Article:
Program grants teens a charitable role


A Baltimore Police Law Enforcement Explorer Post asked 16-year-old DeRay McKesson and a group of six other teens for $3,000 yesterday.

McKesson told them he'd consider it.

"Thank you for coming," McKesson told members of the Explorer Post, who want the funds to install address signs on houses in East Baltimore. "We'll let you know soon."

After they left the room, McKesson and the rest of the panel listened to a plea from teens from the Pigtown Dance Committee who wanted $2,600 to start a summer academic tutoring program.

It was the beginning of the fall grant cycle for Baltimore-based Youth As Resources, an organization that spends $55,000 each year to fund community projects designed and carried out by young people in the Baltimore area.

The board of directors is made up of 20 young people, ages 11 to 21, and nine adults. McKesson, a junior at Catonsville High School, is the organization's youth chairman.

"It's hard sometimes, it's a lot of responsibility," McKesson said. "You have to remain calm a lot."

For one week, they listen to dozens of pitches from kids who need money for community-based projects.

When it's over, the panel meets with the entire board of directors - which includes adults - to decide who gets the grants, which cannot be more than $3,000 each. That meeting will be Dec. 12.

"Nine times out of 10, the adults are easier on them than the kids," said Julie Reeder, adult director of the program.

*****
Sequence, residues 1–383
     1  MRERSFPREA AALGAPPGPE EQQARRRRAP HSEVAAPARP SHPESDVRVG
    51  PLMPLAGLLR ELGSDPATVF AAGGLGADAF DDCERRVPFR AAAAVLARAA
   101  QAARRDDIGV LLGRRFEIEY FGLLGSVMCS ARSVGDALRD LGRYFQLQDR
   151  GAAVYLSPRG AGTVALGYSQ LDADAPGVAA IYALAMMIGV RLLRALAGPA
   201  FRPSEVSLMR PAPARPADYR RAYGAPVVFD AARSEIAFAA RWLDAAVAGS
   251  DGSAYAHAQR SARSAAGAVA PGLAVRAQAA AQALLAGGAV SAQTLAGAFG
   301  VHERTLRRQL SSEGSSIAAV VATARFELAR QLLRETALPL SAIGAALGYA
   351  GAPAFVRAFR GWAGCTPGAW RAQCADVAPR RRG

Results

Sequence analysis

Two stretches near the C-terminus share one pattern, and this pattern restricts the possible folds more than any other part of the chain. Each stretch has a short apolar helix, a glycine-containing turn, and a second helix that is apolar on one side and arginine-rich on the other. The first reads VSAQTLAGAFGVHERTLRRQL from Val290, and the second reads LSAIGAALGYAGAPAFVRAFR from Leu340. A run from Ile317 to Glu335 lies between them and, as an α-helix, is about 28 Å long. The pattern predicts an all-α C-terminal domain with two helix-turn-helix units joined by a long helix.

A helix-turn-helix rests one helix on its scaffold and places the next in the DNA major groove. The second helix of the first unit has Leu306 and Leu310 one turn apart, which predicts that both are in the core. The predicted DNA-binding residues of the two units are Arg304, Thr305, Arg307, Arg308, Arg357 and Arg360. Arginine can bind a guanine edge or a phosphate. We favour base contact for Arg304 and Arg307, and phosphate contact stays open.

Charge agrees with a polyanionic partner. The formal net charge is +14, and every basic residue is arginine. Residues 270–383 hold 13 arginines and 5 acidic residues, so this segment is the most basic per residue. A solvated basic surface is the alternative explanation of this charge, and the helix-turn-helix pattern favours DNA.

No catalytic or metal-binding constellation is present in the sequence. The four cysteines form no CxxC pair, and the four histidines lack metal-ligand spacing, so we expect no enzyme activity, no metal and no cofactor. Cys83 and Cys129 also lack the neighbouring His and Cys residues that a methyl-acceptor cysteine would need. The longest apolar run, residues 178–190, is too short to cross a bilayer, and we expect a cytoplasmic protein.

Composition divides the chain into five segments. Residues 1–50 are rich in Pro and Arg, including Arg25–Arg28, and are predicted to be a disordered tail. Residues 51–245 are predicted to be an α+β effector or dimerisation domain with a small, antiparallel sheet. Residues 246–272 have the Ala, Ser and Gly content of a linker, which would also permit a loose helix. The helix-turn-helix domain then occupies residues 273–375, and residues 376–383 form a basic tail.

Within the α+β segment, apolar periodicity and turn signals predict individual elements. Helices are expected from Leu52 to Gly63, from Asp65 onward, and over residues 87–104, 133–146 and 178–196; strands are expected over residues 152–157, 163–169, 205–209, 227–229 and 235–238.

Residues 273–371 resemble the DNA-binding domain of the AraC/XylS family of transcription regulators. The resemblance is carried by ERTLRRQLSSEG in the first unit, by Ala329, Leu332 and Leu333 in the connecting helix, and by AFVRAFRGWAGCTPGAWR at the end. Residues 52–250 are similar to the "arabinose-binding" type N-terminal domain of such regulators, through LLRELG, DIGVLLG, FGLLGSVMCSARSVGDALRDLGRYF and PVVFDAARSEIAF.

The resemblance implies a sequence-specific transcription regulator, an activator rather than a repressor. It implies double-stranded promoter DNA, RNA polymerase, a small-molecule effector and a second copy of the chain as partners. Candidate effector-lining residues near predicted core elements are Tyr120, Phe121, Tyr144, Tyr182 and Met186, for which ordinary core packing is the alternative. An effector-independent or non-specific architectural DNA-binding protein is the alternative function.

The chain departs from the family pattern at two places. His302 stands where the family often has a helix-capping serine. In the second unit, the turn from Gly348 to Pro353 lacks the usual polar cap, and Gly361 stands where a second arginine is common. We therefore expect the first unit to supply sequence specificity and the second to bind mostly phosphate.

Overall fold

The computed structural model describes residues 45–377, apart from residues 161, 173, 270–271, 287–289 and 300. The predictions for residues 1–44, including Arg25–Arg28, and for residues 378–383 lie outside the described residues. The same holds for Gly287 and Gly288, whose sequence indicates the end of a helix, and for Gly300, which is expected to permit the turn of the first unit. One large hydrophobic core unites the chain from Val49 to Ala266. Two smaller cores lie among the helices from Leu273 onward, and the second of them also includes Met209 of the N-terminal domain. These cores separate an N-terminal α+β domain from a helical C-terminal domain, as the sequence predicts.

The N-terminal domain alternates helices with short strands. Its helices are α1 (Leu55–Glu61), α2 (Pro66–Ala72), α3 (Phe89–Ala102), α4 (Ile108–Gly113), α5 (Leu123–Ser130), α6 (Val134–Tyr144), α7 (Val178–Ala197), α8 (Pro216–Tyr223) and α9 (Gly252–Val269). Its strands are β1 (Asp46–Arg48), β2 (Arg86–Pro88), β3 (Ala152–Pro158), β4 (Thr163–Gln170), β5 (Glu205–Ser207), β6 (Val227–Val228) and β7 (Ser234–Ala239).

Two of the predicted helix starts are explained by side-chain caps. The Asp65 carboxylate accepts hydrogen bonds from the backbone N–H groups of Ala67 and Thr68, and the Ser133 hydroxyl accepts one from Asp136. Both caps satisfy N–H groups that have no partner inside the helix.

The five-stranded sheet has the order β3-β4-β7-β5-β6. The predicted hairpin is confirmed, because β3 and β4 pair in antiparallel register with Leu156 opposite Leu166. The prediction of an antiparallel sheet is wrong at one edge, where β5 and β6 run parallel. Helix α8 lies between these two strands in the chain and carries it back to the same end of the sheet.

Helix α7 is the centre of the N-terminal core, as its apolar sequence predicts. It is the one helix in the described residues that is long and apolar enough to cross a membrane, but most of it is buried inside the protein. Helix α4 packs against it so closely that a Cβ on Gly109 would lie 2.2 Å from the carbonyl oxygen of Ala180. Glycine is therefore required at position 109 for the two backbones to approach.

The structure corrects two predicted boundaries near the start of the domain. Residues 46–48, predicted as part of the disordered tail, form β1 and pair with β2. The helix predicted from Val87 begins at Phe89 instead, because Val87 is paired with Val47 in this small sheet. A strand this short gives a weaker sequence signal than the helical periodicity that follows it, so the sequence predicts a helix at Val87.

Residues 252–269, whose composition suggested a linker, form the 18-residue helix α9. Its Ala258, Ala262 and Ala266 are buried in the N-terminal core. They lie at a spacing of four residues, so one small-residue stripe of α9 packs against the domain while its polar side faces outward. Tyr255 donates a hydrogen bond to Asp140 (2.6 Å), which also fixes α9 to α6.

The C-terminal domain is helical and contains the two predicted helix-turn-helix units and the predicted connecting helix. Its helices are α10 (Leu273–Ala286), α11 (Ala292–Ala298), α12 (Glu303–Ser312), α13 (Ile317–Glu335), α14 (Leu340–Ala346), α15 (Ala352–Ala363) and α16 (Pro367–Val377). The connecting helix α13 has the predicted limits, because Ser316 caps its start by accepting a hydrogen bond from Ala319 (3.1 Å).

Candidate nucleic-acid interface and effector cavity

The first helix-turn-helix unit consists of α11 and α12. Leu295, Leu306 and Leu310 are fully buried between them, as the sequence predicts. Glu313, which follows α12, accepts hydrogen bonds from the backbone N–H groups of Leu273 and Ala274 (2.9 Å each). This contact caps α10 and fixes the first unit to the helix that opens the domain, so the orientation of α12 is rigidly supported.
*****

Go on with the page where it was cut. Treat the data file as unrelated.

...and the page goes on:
Youth As Resources is a national program that came to Baltimore in 1994.

Groups funded in the last seven years in the Baltimore area include the William Donald Schaeffer Substance Abuse Program, which received $1,315 for a mentoring program; the Skaters from Pigtown, who were given $2,660 for skateboarding equipment; and Youth Encouraging Youth Shared Solutions, the recipient of $835 for field trips.

Funding for Youth As Resources comes from groups such as the Baltimore Community Foundation, Annie E. Casey Foundation, the Will & Jada Smith Family Foundation and the Harry & Jeanette Weinberg Foundation.

In addition to giving grants to youth-oriented programs, board members for Youth As Resources also help secure their own funding from the foundations, said youth treasurer Lisa Einhorn, 16, a junior from Bryn Mawr School.

"It makes me feel closer to my own generation. We're a closely knit circle of people wanting to do the same thing and help out," said Einhorn. "We joke around a lot. We eat a lot of food, which is very important."

Einhorn said that even though each grant they give is fairly small, she feels that she's making a big difference.

"I feel like what we do is so important to the people who apply. We try to make things better in their daily lives," she said. "I feel really helpful, in a way."

Especially for people like Tyone Keith, 14, who yesterday made his third presentation to Youth As Resources. He helped Skaters from Pigtown get a grant last year, and the Pigtown Dance Committee get a grant the year before to hold social for kids in Southwest Baltimore.

Keith said he was nervous at first about making a presentation to his peers.

"But then I realized they understand things in the neighborhood and what I'm talking about," he said. "It helps people who have ideas to have somewhere to go and someone to listen to them. Kids hear us out more than adults."

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